John Donne wrote his Holy Sonnets, known best for his musings on the inescapability of death—“One short sleep past, we wake eternally And death shall be no more; Death, thou shalt die.” Peters revels in such irony and wordplay. It’s just that his God is not a deity but a warden and a buzzer in a cell block.

Christina Rossetti and Edna St. Vincent Millay came up with a different solution. They wrote tender lyrics in the early Renaissance Italian style. That works, too. Peters isn’t so comfortable with his world, though, so prefers the brasher style of the Americans John Berryman and Terrance Hayes: Berryman for the drunken brawling and hallucinogenic haze of his brilliant word connections; Hayes for his pointed social engagement. 

Author Bradley Peters

In Sonnets from a Cell, doors clang. Chains rattle. The lines of the poems are bars. In the cells, one lives either in solitary, going mad, or with a cellmate, living in distrust because the cell already owns you. Inmates look out through the bars. The bars are like teeth. There are toothbrushes. Often the toothbrushes are filed down into shivs. When they are thrust through ribs, other bars around the heart, people die. It’s just a matter of time, or, as Peters writes in “Fish,” “The dead man’s dead / he just doesn’t know it yet.” 

People look in, too. Sometimes they are guards. Sometimes they are other prisoners. Sometimes it is us. But when it’s us, Peters owns us. If we look in, we look in with his eyes looking out. Even if we look in with the eyes of a guard, it’s a guard he has made for us, one with Peters’ own eyes. It’s a fitting technique for a sequence talking about the paranoia that comes from isolation.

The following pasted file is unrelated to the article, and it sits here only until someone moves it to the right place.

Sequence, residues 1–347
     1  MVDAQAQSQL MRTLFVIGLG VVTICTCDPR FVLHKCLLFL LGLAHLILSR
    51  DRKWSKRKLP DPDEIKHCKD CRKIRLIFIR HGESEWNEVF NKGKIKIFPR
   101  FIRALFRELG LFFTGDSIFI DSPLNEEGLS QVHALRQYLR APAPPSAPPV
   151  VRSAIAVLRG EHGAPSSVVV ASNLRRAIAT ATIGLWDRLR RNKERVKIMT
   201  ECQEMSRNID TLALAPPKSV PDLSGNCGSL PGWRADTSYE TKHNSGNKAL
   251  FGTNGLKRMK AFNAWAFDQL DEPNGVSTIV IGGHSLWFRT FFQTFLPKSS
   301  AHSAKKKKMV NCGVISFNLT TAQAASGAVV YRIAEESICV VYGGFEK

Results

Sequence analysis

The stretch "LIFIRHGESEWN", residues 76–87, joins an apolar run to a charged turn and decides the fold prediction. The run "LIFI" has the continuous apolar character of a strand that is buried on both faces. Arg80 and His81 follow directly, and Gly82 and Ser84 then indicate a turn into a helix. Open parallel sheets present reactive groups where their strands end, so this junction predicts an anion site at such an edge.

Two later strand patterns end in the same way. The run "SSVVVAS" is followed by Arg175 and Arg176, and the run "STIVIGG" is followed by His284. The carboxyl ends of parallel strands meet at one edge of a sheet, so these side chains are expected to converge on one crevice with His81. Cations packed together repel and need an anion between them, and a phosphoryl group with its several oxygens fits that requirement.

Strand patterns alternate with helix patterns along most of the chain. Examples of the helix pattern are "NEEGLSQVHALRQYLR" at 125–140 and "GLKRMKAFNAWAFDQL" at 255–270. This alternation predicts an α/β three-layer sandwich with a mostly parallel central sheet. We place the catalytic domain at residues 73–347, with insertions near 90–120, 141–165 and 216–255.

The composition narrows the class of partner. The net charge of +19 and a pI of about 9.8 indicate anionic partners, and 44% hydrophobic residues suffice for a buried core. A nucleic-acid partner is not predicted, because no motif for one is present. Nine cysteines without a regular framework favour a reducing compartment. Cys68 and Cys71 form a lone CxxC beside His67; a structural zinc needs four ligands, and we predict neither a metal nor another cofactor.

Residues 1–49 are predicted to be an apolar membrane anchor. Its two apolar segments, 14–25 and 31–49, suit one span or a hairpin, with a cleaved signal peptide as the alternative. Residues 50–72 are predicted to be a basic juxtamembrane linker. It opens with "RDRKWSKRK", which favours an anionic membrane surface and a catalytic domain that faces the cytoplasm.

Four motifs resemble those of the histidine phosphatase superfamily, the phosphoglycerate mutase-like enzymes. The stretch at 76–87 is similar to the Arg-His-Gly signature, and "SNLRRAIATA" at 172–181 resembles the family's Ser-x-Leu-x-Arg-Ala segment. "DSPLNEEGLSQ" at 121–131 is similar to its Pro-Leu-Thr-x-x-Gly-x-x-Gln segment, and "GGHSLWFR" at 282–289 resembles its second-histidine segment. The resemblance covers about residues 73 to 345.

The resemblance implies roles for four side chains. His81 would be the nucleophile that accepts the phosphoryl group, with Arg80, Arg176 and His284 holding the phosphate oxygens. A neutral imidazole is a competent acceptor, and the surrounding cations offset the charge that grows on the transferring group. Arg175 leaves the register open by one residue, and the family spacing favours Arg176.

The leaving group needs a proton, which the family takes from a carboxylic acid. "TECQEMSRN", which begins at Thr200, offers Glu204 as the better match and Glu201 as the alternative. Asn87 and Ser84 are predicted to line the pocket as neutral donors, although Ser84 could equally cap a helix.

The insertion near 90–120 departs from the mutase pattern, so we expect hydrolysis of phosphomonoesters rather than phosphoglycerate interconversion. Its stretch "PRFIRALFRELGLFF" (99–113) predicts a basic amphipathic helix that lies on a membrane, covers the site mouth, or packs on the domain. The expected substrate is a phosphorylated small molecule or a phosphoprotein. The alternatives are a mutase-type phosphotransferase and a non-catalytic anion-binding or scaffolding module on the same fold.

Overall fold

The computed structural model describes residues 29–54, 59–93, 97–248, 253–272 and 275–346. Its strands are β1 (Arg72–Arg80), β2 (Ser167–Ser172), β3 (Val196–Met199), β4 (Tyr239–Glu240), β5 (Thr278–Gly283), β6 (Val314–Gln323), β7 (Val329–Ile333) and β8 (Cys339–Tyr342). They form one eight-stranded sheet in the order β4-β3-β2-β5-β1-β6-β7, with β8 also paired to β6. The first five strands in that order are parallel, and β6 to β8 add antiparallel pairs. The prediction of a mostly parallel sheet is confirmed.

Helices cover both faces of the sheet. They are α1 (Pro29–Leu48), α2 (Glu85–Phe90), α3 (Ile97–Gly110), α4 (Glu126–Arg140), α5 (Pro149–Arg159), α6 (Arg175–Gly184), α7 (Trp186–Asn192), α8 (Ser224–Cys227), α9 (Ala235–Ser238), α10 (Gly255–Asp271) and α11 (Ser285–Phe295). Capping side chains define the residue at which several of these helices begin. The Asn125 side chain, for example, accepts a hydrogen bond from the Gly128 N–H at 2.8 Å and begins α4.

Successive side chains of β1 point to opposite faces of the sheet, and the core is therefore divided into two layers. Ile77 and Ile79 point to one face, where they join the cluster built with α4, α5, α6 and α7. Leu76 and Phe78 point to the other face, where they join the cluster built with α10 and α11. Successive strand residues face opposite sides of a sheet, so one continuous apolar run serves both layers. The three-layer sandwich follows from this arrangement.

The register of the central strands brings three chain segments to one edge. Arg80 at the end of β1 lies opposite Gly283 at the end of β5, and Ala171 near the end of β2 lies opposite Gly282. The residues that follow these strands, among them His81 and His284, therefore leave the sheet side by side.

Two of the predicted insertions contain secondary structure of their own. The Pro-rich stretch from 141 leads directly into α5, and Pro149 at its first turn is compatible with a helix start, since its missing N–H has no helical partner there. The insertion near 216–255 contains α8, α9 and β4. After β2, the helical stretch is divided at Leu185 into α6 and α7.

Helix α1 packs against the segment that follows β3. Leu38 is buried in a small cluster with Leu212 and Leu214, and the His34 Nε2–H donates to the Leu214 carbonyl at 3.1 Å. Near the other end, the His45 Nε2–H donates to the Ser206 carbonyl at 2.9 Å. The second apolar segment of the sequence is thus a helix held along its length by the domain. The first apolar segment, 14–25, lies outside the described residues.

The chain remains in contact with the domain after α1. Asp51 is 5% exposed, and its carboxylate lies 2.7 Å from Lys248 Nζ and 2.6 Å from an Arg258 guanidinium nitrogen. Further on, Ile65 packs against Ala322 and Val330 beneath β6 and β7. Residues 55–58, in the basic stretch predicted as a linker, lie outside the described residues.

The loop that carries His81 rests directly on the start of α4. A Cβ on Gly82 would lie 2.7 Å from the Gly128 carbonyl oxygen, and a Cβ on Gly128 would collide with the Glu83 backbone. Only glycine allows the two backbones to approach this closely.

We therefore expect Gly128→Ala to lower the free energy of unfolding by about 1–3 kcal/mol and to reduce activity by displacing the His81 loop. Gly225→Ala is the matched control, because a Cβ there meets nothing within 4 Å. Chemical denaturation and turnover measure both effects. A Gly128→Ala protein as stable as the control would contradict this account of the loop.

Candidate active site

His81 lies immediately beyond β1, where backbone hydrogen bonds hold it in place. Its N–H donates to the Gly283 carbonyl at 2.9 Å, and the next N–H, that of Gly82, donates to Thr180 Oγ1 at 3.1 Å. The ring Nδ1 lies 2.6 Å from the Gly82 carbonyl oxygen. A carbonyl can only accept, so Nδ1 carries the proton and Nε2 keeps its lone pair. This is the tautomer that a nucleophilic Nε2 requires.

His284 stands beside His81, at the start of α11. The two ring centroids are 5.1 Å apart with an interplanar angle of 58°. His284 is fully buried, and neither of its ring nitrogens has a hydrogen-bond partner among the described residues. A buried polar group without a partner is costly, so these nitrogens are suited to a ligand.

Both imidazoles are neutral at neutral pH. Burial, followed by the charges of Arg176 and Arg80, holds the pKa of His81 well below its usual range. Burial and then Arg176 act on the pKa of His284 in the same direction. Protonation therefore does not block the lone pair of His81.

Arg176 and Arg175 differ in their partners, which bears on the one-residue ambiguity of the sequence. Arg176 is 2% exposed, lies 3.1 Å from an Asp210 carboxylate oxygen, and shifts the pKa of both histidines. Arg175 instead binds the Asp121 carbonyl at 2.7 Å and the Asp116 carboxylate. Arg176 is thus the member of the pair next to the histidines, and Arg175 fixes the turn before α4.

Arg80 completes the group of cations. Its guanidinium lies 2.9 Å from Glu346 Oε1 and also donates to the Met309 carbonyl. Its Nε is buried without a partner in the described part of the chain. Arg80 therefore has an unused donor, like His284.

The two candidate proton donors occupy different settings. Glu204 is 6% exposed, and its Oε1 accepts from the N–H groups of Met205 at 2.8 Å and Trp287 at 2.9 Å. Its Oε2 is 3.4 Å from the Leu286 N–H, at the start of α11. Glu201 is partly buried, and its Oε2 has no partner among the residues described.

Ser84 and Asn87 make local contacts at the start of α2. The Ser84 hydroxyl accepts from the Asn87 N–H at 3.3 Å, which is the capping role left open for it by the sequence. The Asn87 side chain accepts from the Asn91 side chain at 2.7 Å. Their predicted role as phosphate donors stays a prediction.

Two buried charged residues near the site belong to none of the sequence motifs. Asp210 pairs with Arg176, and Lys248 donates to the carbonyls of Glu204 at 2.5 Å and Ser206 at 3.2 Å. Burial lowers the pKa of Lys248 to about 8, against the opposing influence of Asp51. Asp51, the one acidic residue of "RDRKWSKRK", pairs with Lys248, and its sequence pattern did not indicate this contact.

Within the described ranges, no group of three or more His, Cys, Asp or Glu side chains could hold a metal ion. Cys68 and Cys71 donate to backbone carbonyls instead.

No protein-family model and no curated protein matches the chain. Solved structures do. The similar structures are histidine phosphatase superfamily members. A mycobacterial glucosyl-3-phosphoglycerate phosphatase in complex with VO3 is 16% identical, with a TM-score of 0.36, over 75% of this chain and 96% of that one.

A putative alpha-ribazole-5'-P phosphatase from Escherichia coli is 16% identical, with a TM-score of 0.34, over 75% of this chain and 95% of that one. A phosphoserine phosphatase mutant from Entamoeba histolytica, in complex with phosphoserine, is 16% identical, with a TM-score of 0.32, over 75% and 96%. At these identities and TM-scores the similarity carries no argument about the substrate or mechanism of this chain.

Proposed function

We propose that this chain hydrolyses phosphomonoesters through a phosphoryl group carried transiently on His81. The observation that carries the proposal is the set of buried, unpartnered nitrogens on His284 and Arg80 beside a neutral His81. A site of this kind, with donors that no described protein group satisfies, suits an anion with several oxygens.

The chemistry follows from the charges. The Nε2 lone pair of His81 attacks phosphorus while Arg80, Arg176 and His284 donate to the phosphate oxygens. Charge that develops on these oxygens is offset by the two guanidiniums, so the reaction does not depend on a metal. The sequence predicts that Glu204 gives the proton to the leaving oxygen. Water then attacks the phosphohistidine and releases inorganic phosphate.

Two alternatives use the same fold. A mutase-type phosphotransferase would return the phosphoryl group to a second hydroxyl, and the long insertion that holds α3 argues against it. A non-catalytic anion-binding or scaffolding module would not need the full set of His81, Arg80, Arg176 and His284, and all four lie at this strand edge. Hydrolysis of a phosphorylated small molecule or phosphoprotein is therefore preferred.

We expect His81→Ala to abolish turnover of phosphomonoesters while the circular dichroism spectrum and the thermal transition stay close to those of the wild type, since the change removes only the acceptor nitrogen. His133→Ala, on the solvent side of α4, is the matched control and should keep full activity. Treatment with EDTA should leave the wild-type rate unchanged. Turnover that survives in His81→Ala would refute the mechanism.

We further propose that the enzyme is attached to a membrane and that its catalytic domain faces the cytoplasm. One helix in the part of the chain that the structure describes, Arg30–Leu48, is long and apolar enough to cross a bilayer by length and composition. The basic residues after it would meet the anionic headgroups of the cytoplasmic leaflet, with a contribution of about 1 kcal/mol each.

“Red birds, staring out, plucking themselves bald,” Peters writes in “Red Birds,” after the sobering preface that describes how the longer a sentence one serves, the less one is viewed as being human.

What ties one cell to another—and to the world—in Peters’ cell block of sonnets is a series of mechanical manipulations. Each poem is a postcard sent out from a place where you must fight and you must engage. You cannot use the cell as protection. In other words, a sonnet.

Each of these cells is coloured by a title. Accept that, and you have to accept everything that follows. It is not a democratic space.